Monday, December 9, 2019

Opening Night pictures of "Whispers in the Wind"

Our opening night reception of the Vagabonds show "Whispers in the Wind" was held on Friday, December 6th.  The Second Story Gallery does such a nice job of mounting the art displays, lighting them fantastically, providing the helpers for the reception, and finding a great musician.  Two pieces were sold on the opening night, and the other 79 that are still on sale will be on display in the gallery through January.  I hope you get a chance to get to Camas and see the show. 

Here are a few pictures from the opening night:

From left to right:  Beverly Woodard, Audrey Prothero, Joanne Adams Roth, Karan Brooks, Sharry Olmstead, and Val Pellens.  (Three of the others artists couldn't make it to the reception.)

Our group is working on our next challenge, and we have a couple more ideas.  We are definitely keeping the creative juices flowing!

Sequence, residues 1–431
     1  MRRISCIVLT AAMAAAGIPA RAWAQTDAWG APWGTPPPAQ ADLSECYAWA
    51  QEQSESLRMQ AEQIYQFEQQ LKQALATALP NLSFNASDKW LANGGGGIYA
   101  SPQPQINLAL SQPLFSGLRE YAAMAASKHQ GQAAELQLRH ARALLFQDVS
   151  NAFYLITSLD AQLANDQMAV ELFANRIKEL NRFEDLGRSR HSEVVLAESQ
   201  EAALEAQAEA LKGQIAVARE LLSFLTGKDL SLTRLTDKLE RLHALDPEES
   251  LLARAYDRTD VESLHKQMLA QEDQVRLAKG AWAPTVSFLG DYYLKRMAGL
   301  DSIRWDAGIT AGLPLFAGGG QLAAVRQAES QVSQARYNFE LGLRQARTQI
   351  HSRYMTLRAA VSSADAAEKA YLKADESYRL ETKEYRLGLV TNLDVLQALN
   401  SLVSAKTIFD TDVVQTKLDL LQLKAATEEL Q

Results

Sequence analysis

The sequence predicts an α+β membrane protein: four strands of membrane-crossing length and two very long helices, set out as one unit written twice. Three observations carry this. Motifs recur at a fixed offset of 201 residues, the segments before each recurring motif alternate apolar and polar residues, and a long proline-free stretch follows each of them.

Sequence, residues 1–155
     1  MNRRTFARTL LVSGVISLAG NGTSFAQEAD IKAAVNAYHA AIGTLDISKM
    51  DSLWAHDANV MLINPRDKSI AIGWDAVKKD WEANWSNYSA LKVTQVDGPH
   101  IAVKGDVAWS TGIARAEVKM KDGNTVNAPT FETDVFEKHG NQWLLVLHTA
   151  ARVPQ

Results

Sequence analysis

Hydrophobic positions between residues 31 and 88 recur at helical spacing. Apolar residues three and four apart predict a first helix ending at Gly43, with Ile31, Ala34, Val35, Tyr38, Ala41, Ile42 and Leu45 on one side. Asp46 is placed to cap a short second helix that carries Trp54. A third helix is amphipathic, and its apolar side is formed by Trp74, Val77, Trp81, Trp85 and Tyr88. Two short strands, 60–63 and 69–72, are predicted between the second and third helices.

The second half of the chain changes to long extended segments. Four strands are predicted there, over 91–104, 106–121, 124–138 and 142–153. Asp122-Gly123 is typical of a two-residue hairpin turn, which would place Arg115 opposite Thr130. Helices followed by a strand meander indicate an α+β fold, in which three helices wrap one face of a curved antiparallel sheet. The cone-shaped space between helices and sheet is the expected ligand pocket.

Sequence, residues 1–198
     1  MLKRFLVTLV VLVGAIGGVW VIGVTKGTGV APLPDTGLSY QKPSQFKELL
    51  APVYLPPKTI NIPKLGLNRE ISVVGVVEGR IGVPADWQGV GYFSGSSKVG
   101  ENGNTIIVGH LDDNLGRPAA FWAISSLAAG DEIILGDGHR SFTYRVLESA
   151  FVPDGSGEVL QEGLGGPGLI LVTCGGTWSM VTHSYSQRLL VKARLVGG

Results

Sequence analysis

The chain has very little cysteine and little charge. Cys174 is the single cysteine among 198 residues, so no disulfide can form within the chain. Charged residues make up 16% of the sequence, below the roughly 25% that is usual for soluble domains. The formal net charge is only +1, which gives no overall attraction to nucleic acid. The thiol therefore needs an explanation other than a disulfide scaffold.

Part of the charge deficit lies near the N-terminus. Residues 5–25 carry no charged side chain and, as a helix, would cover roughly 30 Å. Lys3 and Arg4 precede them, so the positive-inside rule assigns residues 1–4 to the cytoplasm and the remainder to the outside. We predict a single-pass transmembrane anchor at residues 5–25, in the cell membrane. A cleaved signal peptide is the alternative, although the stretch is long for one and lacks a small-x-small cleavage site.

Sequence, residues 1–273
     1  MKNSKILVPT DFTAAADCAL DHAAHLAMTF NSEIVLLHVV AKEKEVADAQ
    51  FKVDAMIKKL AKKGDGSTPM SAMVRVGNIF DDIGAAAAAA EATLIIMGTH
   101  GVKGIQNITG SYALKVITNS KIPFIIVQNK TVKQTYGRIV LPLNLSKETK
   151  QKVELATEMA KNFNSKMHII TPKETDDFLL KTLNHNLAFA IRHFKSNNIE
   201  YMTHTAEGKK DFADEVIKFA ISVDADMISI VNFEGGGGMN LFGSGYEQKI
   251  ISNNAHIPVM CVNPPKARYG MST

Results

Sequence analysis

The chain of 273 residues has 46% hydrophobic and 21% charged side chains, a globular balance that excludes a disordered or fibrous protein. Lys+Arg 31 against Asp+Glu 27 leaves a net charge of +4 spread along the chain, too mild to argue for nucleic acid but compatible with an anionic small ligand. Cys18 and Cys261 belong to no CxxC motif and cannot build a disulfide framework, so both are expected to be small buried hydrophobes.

I hope you have a group or at least someone else that helps you keep challenging you on your artistic journey.

Monday, November 25, 2019

Vagabonds "Whispers in the Wind" gallery show

My small quilt group, Vagabonds, has a gallery show opening reception on December 6th, from 3 to 6 pm at the Second Story Gallery in Camas.  All 81 of our 12" x 12" quilts made for our Whispers challenge will be on view and all of them are for sale.

They will be on display through December and January.  If you can make it to the gallery in Camas, be sure to drop in and have a look!

I made several blog posts about these quilts in 2018 and early 2019.  Go back and take a look.

Monday, November 11, 2019

Emily's quilt - quilting designs

This is the 4th post about the making of Emily's graduation quilt.

I like to sketch up my quilting designs before I start the actual work.  It doesn't mean that I will follow the exactly.  But it does give me a sense of what designs will work better than others.  Its super easy to erase pencil marks on a piece of paper than it is to tear out quilting stitches!  For those of you that have done the tearing out, you know that a fair amount of hair gets torn out at the same time.  Or you might even turn a little grayer.